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RV Living During Hurricane Season

Hurricane season in Florida and the Southeastern United States is generally from June through the end of September.  Coincidentally, these are the high months of travel for families, retirees and snowbirds alike.  So if you’ve got to weather a severe tropical storm or hurricane in your RV or at a campground, here are some precautions you can take to just try to keep your loved ones and your property safe.

The biggest threats are wind, flooding and lightning.  Here in Florida, we are the lightning capital of the world, and so lightning is a very real threat, however, if you are in any type of covered dwelling, and especially if there are trees around, a direct lightning strike is highly unlikely.

Flooding can be a major concern, especially during a tropical storm when rain is sustained for days and days and the ground is already saturated.  The best way to prevent any damage to your RV or camping equipment from flooding is to be PROACTIVE.  Make sure your site is on high ground, and create channels for water to flow PAST your site if necessary.  Even if you can create a small area where your vehicle and gear are safe from flooding, that will get you through the worst of the storm.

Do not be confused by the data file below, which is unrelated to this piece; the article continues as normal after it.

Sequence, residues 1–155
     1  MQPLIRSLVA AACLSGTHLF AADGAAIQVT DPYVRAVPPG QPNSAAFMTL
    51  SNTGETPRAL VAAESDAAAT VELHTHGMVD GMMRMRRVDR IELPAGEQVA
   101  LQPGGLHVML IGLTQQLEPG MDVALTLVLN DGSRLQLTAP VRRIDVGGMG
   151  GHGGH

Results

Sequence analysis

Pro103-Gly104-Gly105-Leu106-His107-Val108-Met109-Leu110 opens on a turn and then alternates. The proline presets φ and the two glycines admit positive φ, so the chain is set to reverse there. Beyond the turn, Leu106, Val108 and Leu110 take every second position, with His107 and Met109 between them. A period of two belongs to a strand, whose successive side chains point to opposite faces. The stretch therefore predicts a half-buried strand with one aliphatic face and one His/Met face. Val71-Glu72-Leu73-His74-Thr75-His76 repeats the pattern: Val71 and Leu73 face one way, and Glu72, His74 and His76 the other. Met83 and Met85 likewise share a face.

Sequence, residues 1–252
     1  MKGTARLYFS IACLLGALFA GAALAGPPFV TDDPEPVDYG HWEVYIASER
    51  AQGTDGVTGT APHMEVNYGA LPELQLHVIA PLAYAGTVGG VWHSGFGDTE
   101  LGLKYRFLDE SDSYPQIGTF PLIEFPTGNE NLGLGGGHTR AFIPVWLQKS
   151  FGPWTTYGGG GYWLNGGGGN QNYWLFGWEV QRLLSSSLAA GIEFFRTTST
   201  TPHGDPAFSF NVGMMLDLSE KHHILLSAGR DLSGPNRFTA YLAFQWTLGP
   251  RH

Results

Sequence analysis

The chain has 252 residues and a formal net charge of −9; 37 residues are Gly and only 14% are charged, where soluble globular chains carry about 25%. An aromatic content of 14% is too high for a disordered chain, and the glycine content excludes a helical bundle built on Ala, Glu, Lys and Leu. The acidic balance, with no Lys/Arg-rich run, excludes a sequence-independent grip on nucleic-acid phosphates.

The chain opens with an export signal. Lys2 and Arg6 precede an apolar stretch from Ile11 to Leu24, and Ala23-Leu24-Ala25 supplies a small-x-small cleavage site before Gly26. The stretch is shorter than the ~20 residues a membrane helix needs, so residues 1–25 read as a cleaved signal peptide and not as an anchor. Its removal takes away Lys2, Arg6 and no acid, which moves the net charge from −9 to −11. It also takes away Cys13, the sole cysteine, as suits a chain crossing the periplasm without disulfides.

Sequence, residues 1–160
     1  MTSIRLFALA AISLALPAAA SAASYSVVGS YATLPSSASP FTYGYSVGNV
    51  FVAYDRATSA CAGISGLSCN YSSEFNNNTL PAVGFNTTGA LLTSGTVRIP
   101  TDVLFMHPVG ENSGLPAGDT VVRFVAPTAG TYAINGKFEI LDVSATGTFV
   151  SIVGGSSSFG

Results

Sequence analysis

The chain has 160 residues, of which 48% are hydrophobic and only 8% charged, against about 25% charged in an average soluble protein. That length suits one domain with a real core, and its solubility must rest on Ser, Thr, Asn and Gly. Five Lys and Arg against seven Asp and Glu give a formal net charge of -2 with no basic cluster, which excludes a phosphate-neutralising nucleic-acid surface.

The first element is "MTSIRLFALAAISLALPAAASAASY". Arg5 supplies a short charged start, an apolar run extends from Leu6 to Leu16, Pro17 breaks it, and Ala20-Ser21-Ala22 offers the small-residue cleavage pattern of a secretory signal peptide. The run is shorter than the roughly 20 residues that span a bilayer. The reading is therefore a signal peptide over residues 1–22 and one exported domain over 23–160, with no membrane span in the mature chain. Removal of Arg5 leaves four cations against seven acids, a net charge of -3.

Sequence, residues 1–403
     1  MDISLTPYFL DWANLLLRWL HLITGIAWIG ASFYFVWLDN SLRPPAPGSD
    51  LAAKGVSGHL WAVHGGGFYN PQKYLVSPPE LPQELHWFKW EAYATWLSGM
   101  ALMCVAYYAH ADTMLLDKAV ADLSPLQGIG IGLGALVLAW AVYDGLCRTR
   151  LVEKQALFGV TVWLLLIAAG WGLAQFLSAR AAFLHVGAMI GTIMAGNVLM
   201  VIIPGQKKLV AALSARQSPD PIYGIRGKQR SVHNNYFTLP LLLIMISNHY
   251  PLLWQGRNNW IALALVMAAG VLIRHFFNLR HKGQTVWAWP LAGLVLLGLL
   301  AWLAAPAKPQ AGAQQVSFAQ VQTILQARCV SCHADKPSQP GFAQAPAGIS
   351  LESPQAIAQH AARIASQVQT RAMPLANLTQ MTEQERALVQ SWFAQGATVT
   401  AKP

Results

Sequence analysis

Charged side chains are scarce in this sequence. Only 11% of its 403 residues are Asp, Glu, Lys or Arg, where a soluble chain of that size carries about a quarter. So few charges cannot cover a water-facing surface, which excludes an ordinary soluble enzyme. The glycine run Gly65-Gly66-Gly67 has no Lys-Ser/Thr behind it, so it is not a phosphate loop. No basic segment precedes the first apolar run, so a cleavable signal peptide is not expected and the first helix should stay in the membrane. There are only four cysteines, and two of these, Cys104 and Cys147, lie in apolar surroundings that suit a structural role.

High winds are a very real danger for campers especially in heavily wooded areas.  If you can get to a solid structure, that’s the best plan of action to keep everyone safe.  If you’re concerned about vehicles and equipment, secure as much as you can either in a vehicle, RV or building, and move out from under trees where limbs can break in heavy winds.

Maintain current CPR certification and a well-stocked first-aid kit.  If there is a natural disaster that affects power and causes road blockage,  knowing how to handle a medical emergency may be the difference between life and death for someone in the campground with you.

Most campers and RVers are well prepared to live “off the grid” for a few days, but if you’re anticipating that you may run into bad weather during your travels, having a few extra canned goods, some sternos for cooking, and a solar water bag or other water purification system on hand is a good idea.

RV living and traveling isn’t always easy, and it isn’t always pleasant, but with a little forethought and keeping some basic first-aid and disaster supplies on hand can make unexpected (or expected) difficulties a little more bearable.